- The sectarian war will unify most Sunnis in the region around the Saudi government.
- The majority of Muslims will be so polarised on sectarian rivalries that they would forget about the Palestinian cause which puts tremendous pressure on Arab regimes.
This is nothing new; it has been tried, for instance, after the failed attempt of the US to abort the Islamic revolution in Iran. Back then, Saddam lined up to do the job: the result was eight years of war between Iraq and Iran, two million dead, and the economies of two major Muslim countries devastated.
When one dies
Sir-- A direct, frank, and sensible discussion on the subject 'Beyond the veil' ( Al-Ahram Weekly 23-29 November). I wish other meaningful subjects are examined such as the killings in Iraq, Darfur, and Lebanon between religious groups in the name of politics. It is interesting that when one Muslim is killed for any reason by Israel, 100 articles are written. However, silence is the key word in the Arab media when thousands of Muslims are killed under the guise of politics. Thank you Mr Salama for your courage and intelligent article.
Sir-- The human capacity for destruction is immense from petty vandalism to war ('Fear factor' Al-Ahram Weekly 16-22 November). We rush so eagerly to violence and revenge. Logic would seem to suggest an immediate three- month moratorium on any form of force employed from Israel or Palestine. Yet the culture of violence now seems so embedded and the extremist view that life in this world does not matter that it is hard to imagine Hizbullah or other groups staying their hand. From the vantage point of Australia it is hard to imagine Palestinians being able to accommodate a serious truce. Israel claims the right to retaliate and so it goes. I pity the moderate Muslims who wish to live in peace and whose lives are increasingly diminished by the reaction of non- Muslims to Jihadist groups.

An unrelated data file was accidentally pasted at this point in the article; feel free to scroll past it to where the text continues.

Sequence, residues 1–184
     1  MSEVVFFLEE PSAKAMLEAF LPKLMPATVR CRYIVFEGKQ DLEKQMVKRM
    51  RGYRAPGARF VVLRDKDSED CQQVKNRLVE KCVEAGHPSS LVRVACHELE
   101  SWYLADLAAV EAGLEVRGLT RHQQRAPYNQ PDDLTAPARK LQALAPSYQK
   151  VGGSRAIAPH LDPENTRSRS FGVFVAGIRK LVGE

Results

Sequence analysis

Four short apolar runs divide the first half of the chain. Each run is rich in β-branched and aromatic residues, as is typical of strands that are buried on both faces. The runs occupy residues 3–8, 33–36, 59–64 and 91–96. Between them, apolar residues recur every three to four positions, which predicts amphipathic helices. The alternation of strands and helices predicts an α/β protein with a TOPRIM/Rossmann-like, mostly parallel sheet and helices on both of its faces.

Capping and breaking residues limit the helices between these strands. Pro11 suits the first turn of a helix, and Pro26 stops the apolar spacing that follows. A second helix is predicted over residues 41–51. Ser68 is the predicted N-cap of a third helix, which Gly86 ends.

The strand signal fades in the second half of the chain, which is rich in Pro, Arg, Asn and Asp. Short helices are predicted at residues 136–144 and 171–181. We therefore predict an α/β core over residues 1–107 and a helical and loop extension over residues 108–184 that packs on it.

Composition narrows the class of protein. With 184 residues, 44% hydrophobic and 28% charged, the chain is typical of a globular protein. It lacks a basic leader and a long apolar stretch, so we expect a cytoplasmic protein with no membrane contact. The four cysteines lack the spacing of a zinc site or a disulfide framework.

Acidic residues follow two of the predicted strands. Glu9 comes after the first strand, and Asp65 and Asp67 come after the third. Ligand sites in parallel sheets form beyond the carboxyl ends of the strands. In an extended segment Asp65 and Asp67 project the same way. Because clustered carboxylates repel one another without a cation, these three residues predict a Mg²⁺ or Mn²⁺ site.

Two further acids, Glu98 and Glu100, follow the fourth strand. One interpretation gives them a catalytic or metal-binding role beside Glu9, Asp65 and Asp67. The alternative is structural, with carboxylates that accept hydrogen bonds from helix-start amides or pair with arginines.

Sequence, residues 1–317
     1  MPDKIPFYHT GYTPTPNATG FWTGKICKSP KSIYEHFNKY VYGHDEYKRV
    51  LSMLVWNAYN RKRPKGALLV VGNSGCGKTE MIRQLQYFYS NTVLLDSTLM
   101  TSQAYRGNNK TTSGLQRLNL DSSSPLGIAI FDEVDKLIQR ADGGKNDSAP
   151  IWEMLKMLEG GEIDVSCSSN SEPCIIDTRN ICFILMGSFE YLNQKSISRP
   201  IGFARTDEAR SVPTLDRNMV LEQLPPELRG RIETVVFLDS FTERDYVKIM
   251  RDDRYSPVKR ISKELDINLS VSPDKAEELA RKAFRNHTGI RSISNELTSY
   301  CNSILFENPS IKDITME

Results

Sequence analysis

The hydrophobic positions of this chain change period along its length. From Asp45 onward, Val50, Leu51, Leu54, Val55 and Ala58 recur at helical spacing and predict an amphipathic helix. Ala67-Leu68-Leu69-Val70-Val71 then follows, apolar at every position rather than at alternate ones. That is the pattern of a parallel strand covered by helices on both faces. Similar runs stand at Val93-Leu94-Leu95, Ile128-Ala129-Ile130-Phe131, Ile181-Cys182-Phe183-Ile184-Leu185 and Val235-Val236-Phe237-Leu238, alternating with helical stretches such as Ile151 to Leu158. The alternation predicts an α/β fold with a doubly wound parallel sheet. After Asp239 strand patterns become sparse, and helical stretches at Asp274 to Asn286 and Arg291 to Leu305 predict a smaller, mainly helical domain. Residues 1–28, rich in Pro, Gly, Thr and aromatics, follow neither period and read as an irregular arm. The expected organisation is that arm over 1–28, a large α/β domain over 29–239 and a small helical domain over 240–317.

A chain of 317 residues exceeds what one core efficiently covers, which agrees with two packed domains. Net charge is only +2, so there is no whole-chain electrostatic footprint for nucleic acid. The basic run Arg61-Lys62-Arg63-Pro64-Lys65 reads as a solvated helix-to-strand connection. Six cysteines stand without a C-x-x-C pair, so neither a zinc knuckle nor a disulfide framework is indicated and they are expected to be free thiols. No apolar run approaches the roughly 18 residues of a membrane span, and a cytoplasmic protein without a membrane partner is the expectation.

Think, then talk
Sir-- When a state official speaks, he should remember he is representing the state and its people so he must be careful about what he says. And if he says something wrong, he has to admit so and apologise ('Wars of the Roses' Al-Ahram Weekly 23-29 November).
I am surprised about those who are supporting the culture minister. It seems they are not in touch with Egyptian society in which veiled women form 95 per cent of all Egyptian women. I also think that instead of this fabricated issue we should concentrate on issues of corruption in Egyptian society, including abuse of power, bribery, nepotism, neglecting culture palaces and firing reformist opposition intellectuals and activists. Meanwhile, I want to express my admiration for the actor Hussein Fahmi who made a similar comment about the veil and later apologised.
Sir-- It is unfortunate that most people don't realise that Jews and Muslims have managed to live in peace and prosperity with each other far longer and more successfully than with Christian authorities. I am not saying that I harbour even the slightest animosity against Christians. I am just reminding people that when push comes to shove, Jews and Muslims have little problem finding common ground. We do fight (Muslims and Jews), but it seems a lot like sibling rivalry -- just as Muslim sects and Jewish sects find themselves at odds.